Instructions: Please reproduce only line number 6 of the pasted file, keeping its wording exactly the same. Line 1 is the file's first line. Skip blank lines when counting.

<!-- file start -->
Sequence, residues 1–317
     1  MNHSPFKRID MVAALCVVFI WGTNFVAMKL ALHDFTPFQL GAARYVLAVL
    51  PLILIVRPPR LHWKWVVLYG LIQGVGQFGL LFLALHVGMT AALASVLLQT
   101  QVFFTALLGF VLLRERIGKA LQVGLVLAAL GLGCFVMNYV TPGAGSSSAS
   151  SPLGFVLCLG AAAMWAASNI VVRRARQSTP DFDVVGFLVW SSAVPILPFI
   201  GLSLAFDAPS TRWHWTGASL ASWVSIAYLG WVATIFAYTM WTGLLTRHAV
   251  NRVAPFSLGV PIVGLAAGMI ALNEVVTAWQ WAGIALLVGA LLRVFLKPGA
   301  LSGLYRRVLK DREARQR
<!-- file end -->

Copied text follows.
   201  GLSLAFDAPS TRWHWTGASL ASWVSIAYLG WVATIFAYTM WTGLLTRHAV